In fact, the organization spread over various industrial communities in the Sauerland and neighboring areas. At the beginning it had about 700 members. By the end of 1899 the number of members rose to around 1,500. The club reached its peak towards the end of 1900 with over 2,700 members. With this number of members, the trade association was one of the medium-sized organizations in the emerging Christian trade union movement, at times it was even the strongest Christian metal workers 'organization, before it finally fell significantly behind the "Christian metal workers' association", which was also founded in 1899, as a result of its regional orientation and the limited organizational potential. Nevertheless, at the turn of the century, the association was undoubtedly one of the focal points of the metalworkers' movement in the Arnsberg administrative region .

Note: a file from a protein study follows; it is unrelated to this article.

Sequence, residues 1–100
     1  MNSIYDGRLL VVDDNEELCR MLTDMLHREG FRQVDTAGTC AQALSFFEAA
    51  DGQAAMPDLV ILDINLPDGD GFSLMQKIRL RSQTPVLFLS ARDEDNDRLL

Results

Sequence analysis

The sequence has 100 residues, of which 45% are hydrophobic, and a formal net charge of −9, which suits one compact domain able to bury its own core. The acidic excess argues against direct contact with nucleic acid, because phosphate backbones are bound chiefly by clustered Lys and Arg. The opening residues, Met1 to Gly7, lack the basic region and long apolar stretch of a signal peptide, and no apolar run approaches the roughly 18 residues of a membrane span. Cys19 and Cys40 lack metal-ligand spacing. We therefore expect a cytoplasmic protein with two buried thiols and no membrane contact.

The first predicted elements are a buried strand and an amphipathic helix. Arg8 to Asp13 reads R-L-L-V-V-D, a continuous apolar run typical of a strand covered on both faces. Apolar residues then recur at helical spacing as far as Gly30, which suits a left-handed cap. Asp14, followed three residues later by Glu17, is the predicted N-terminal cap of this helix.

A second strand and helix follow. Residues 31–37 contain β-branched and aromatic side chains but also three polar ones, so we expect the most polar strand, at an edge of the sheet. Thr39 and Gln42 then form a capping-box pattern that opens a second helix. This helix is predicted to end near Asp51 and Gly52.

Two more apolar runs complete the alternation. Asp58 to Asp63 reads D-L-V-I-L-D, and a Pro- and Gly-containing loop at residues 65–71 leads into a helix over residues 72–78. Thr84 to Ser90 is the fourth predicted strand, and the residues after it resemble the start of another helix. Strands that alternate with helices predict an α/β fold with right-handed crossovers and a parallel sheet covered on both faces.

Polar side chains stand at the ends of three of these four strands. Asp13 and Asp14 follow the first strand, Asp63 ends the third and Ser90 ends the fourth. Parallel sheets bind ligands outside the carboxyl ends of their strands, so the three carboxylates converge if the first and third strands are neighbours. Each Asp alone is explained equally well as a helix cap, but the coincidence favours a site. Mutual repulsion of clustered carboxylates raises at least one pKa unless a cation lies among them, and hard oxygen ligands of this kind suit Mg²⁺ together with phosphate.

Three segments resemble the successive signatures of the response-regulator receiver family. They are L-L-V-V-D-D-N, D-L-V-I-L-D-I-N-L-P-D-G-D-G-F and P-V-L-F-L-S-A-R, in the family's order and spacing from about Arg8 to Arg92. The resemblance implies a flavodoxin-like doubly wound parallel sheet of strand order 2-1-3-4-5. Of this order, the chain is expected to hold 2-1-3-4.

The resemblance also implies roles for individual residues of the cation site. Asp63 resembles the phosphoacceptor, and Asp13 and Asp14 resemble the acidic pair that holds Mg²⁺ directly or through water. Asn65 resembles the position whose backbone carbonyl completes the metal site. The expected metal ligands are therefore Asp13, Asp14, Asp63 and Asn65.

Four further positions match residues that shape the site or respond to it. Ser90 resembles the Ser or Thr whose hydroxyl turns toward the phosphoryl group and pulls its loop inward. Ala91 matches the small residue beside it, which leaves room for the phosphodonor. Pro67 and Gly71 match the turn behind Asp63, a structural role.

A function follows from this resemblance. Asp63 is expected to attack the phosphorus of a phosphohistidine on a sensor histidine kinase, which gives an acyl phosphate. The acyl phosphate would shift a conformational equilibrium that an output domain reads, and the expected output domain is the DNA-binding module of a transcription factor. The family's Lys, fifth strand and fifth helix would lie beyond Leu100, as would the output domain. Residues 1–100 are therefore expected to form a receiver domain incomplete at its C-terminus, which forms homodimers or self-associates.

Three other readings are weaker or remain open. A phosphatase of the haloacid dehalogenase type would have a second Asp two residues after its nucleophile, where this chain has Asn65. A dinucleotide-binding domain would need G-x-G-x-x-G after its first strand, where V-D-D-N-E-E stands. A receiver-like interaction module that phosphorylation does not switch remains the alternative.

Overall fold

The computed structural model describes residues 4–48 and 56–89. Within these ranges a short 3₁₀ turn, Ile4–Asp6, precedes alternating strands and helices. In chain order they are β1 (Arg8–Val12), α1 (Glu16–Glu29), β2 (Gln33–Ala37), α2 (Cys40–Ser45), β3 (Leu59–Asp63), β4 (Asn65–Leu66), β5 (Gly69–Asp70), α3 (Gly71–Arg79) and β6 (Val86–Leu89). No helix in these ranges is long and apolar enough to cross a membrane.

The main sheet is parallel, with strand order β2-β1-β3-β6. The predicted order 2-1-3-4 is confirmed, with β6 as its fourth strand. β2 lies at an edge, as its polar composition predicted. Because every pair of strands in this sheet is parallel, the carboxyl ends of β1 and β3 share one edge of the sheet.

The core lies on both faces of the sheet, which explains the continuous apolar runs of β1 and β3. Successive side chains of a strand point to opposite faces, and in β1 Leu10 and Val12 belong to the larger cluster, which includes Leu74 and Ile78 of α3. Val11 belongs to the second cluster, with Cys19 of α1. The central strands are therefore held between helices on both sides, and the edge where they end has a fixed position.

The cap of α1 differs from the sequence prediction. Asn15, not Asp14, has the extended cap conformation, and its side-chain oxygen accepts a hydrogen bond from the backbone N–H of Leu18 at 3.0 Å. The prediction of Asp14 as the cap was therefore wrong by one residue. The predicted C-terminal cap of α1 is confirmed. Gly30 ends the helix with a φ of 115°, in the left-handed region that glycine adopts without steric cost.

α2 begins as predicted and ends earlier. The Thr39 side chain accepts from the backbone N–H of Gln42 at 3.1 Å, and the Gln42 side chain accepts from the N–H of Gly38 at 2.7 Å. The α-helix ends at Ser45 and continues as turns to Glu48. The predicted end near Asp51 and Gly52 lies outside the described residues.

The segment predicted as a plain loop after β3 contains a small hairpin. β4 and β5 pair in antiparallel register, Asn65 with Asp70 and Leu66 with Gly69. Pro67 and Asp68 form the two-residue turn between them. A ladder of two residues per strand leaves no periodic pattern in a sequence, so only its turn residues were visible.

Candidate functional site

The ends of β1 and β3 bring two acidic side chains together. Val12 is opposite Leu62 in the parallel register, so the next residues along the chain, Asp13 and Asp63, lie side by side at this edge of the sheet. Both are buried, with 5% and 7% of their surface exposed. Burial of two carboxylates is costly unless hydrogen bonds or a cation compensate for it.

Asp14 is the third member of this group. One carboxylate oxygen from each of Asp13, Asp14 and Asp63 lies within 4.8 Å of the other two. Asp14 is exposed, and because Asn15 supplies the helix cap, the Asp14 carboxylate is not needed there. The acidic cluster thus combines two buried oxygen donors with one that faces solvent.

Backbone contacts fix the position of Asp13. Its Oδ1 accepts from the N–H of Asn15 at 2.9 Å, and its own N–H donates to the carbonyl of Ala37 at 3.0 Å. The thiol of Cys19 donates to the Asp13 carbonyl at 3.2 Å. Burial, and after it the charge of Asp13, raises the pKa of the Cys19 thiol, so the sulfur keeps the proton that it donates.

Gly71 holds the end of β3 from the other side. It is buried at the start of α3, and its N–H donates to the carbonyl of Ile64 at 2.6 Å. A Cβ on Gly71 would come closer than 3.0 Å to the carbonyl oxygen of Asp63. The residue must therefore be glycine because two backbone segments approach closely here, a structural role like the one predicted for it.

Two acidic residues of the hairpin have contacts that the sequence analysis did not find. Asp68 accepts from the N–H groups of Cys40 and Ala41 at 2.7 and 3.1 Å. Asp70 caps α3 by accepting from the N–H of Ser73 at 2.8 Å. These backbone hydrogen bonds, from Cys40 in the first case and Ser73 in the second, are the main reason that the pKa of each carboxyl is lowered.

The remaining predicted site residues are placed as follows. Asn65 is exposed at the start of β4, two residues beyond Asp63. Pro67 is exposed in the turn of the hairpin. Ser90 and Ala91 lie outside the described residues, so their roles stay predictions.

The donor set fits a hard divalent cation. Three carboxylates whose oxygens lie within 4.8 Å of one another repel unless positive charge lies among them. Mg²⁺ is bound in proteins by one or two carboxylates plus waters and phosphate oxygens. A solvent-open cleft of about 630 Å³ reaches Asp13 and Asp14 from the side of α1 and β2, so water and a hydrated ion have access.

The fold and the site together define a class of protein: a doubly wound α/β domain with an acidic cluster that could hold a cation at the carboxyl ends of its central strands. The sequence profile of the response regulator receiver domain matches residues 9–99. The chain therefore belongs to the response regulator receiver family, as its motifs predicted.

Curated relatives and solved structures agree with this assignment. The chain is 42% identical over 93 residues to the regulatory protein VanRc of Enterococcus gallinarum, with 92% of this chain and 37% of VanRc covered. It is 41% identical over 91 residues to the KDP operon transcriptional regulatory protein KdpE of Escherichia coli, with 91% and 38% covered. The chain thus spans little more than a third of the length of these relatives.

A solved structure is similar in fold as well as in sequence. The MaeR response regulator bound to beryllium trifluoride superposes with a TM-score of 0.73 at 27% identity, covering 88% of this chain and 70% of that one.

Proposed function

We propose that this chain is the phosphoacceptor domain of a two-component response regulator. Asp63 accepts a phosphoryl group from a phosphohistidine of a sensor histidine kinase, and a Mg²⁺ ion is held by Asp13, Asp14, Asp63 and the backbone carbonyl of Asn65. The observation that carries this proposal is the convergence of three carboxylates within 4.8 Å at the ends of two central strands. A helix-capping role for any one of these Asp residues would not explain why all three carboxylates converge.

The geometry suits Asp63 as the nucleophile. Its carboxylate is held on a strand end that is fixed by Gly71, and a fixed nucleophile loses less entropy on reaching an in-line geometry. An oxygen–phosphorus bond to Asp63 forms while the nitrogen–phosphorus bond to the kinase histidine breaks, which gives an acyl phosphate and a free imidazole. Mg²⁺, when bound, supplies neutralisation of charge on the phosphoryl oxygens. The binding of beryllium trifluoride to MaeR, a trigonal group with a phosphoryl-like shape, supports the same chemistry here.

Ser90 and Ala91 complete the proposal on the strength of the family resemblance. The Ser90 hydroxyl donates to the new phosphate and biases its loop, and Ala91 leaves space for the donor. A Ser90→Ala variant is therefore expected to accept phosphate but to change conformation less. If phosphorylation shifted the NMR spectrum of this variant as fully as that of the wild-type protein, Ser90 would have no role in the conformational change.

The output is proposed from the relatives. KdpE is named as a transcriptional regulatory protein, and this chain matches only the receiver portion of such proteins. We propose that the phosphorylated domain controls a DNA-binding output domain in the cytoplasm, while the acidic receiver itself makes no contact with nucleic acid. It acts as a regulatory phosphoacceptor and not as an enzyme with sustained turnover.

The trade association in the Arnsberg district had its actual focus with supporters in eleven locations. The major part was accounted for by the city of Neheim and the immediate neighboring towns. Subsidiaries were also set up in Neheim, for example for seasonal or woodworkers. There the association not only tried to enforce workers' interests against employers through strikes and other measures, but also became a (local) political mouthpiece for the working population, as leading union members were elected to the city council.
The rapid upswing was followed by an equally rapid decline as a result of a lost strike in 1901 . The strike costs forced the contribution to be increased and resulted in a massive wave of withdrawals.
In addition, the association was drawn into the internal disputes of the Christian trade unions. While trade unionists like August Brust from the Christian Miners' Association pleaded for a cross-denominational and cross-party unity union, especially church-related trade unionists like Franz Wieber from the CMV campaigned for a strictly Catholic orientation. Within the general association of Christian trade unions, Wieber's attitude prevailed and the CMV was excluded.